• 6. The political theology of Luke
  • 6.1 The Lukan Jesus as ὁ διακονῶν
  • 6.2 The political Intentions of Luke
  • 7. Conclusion
  • Chapter 7
  • 1. The Hubris of Herod: God’s wrath on an arrogant king
  • 1.1 Introduction
  • 1.2 Text and Translation of Acts 12:20–24
  • 1.2.1 Greek Text
  • 1.2.2 English Translation
  • 2. The Context of the death of Herod
  • 2.1 The semantic connections and structure of Acts 12:20–24
  • 2.2 The literary Genre of Acts 12:20–24
  • 3. Tradition-Criticism
  • 3.1 The Account of Josephus
  • 3.2 Synoptic Comparison with Josephus
  • 3.3 Historical Findings
  • 3.3.1 The Emergence of the King
  • 3.3.2 The Speech of Agrippa and its consequence
  • 3.4 Nero from the Perspective of History
  • 3.5 Conclusion
  • 4. Redaction Criticism
  • 4.1 The theological intention of Luke
  • 4.1.1 The offence of Agrippa within the context of Luke-Acts
  • 4.1.2 Conclusion
  • Chapter 8
  • 1. Conclusion
  • 2. Yields from the Research work
  • 3. Proceeds for the day-to-day life
  • Bibliography

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Acknowledgement

This book is the fruit of a Dissertation project that I started in the winter semester of 2005/06 and submitted in the winter semester of 2009/10 to the theology faculty of the Bavarian Julius Maximilian University of Würzburg, Germany. I defended it with my final examination for a doctorate degree in catholic theology on the 2nd of June 2010. In the course of these years, I did a little reworking on it hoping not only to capture but also to transmit the very essence of what I considered to be a rereading of the Gospel of Luke regarding Power and Domination, an initial agitation that actually prompted the research. From this perspective, I hope to have been able to situate the message of Luke as being adequate to address the abysmal maladies of the present society, not only theologically but also in terms of Politics. I owe many people thanks for the realisation of this work.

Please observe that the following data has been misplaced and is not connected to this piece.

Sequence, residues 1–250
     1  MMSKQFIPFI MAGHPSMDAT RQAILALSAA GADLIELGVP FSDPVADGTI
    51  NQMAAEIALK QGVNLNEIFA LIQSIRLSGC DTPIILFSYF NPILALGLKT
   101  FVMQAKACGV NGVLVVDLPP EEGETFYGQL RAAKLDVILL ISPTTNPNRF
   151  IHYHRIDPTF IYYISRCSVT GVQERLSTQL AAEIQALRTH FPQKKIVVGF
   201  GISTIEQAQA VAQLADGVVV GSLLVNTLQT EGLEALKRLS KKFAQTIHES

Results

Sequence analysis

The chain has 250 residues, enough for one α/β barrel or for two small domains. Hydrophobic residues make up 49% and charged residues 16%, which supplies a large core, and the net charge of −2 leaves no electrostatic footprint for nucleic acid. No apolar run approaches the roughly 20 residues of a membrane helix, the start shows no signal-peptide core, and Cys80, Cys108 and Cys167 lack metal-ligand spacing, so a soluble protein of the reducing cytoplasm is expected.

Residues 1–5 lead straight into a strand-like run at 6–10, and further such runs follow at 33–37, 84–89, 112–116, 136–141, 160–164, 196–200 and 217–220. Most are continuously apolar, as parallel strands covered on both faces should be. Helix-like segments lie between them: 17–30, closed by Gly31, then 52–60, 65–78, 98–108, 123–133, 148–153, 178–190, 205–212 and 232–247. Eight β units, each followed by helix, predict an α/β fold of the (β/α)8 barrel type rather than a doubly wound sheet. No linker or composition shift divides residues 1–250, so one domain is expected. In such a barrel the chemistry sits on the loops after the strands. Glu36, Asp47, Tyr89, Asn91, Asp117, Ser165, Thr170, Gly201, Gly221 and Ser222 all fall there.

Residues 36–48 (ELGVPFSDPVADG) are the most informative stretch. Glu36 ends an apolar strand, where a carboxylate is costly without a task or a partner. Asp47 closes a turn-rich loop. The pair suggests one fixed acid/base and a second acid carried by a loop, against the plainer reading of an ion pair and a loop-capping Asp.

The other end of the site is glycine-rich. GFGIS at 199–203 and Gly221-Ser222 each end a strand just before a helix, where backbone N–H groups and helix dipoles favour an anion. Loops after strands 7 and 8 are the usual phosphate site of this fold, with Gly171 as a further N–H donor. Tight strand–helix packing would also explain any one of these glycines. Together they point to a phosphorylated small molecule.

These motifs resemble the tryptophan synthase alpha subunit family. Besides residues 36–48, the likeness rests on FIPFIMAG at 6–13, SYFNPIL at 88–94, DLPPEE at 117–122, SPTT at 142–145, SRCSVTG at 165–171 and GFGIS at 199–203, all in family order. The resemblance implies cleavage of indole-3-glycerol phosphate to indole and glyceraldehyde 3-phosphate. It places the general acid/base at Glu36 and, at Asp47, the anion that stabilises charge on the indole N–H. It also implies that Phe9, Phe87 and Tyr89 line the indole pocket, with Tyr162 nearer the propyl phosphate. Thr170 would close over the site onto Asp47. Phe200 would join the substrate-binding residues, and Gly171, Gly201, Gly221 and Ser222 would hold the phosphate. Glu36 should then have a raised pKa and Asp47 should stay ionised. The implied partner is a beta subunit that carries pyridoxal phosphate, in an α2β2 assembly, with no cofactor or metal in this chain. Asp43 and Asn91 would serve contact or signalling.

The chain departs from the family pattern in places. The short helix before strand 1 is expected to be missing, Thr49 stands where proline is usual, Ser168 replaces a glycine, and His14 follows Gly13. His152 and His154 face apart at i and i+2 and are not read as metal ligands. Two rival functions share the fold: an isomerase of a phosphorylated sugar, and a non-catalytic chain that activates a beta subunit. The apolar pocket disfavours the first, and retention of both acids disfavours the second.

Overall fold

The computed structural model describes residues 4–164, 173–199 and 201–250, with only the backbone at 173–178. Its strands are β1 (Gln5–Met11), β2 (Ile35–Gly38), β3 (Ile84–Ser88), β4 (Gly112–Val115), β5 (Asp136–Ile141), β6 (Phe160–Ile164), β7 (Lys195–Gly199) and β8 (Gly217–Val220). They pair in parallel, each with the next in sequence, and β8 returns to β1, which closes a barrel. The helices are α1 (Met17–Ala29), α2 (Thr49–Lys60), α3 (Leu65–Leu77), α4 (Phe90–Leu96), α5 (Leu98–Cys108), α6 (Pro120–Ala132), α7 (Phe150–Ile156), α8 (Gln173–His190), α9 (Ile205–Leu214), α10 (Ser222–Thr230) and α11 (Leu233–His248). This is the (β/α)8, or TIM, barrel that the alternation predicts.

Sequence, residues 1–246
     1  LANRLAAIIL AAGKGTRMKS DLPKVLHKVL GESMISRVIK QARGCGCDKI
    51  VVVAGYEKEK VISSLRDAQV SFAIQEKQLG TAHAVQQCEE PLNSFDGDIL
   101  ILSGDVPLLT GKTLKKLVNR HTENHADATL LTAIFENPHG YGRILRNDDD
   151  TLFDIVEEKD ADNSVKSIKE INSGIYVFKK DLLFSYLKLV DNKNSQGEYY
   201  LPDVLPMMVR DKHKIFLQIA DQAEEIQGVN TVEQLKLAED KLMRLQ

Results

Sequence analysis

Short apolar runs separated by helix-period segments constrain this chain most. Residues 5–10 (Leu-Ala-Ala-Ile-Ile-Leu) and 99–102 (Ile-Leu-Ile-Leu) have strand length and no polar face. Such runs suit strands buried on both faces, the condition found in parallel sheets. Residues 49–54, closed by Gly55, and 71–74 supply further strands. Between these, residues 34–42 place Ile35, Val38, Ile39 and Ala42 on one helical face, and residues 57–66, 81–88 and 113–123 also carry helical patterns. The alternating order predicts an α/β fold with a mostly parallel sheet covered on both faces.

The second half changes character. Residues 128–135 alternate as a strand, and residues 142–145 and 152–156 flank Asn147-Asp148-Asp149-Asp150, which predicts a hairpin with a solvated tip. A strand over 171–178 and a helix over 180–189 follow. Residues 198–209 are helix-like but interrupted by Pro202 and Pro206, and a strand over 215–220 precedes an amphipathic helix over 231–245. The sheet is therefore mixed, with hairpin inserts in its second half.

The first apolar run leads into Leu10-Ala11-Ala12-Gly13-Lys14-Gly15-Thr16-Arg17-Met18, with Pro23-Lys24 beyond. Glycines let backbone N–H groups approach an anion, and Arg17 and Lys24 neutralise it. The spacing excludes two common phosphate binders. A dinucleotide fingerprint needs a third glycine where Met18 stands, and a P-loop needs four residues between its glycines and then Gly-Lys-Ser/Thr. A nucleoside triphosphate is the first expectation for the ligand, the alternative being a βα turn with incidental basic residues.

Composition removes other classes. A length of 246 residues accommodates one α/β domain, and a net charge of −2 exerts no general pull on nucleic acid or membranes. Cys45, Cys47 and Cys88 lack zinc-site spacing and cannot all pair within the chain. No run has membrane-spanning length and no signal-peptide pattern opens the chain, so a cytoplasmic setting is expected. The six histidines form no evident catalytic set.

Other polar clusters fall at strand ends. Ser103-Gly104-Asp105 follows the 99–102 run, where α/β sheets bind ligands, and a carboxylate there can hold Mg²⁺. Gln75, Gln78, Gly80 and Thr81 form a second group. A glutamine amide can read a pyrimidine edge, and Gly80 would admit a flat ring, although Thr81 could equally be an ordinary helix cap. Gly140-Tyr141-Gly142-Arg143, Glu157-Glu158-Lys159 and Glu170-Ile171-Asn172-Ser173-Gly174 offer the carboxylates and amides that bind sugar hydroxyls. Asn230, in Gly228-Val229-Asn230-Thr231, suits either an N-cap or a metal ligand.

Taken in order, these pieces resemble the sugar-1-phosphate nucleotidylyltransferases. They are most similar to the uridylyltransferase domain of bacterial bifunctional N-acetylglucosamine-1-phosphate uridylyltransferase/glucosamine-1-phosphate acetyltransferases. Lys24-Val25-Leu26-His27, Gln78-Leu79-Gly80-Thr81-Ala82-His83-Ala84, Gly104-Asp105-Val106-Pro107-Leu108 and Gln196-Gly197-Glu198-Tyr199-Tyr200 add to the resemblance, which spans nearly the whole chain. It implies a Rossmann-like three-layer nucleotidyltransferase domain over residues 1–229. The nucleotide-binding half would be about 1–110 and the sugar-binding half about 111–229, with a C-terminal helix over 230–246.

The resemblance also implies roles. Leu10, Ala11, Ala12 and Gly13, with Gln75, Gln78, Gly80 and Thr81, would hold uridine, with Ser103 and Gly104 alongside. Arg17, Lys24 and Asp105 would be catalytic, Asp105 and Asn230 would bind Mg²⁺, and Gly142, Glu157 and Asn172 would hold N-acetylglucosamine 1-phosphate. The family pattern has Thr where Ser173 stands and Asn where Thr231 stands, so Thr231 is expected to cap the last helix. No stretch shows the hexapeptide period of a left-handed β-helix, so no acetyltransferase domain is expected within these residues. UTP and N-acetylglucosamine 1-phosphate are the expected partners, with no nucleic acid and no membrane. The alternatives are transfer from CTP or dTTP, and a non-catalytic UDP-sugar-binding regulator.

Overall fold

For the manifold opportunity of engaging in this study and for other things, with which I am blessed, especially for the gift of Life, I am profoundly indebted to God Almighty, not only for all He has made of me, but also for all He has given me. My prayer of praise to Him remains the Magnificat, which happens to be a part of this study. I say a hearty “Thanks” to my parents Chief and Mrs. I. O. Ezeani for jointly saying “Yes” to the will of God that resulted in my being, also to the whole Ezeani family for their patience and for enduring my years of extended absence.

I owe a depth of gratitude to my present Bishop Most Rev. Augustine T. Ukwuoma, and to my former bishop Most Rev. Gregory O. Ochiagha. I appreciate the advice, the theological and exegetical counsel of my moderator Prof. Bernhard Heininger, who painstakingly guided the course of this project, introducing me into the intricacies of exegetical enterprise and helping me to be open-minded regarding the outcome of scientific exegetical approach. I profited much from his meticulousness and profound knowledge. I thank Prof. Johann Rechenmacher, who was the second reader of the work, for his useful suggestions, corrections and evaluation. I am also grateful to Prof. Theodor Seidl of the institute of Old Testament for his enduring readiness to help me out in Hebrew morphology. I will not forget the influence of Prof. Robert Oberforcher for inflaming in me the interest and the passion for the double Work of Luke during my seminary years in Innsbruck, Austria.

I owe an everlasting debt of gratitude to Mr. Stefan and Mrs. Christl Harrer and their family for their unfailing commitment to my cause. With them I experienced what it means to have a home outside a home. Without the love, help, freedom and ← 11 | 12 → care experienced in their house and within their friendship, this study would not have been completed. In the same line, Mrs. Christine Keller deserves my warm gratitude for making special contributions towards my cause in her silent manner. May God bless and guide her for believing in me and for going with me through thick and thin. Thanks to Mrs. Antonie Bolch and her daughter Mrs. Gabriele Bolch for their wonderful friendly ties, that made the time of this research less boring. Spending my free time with them gave me the strength of withstanding the hazards of academic venture. Mr. Christoph and Mrs. Christa Dittert came into my life, when I needed them most, not only in the academic sector but also in interpersonal relations. I thank them not only for the many discussions on this topic, but also for the financial help towards the realisation of this project.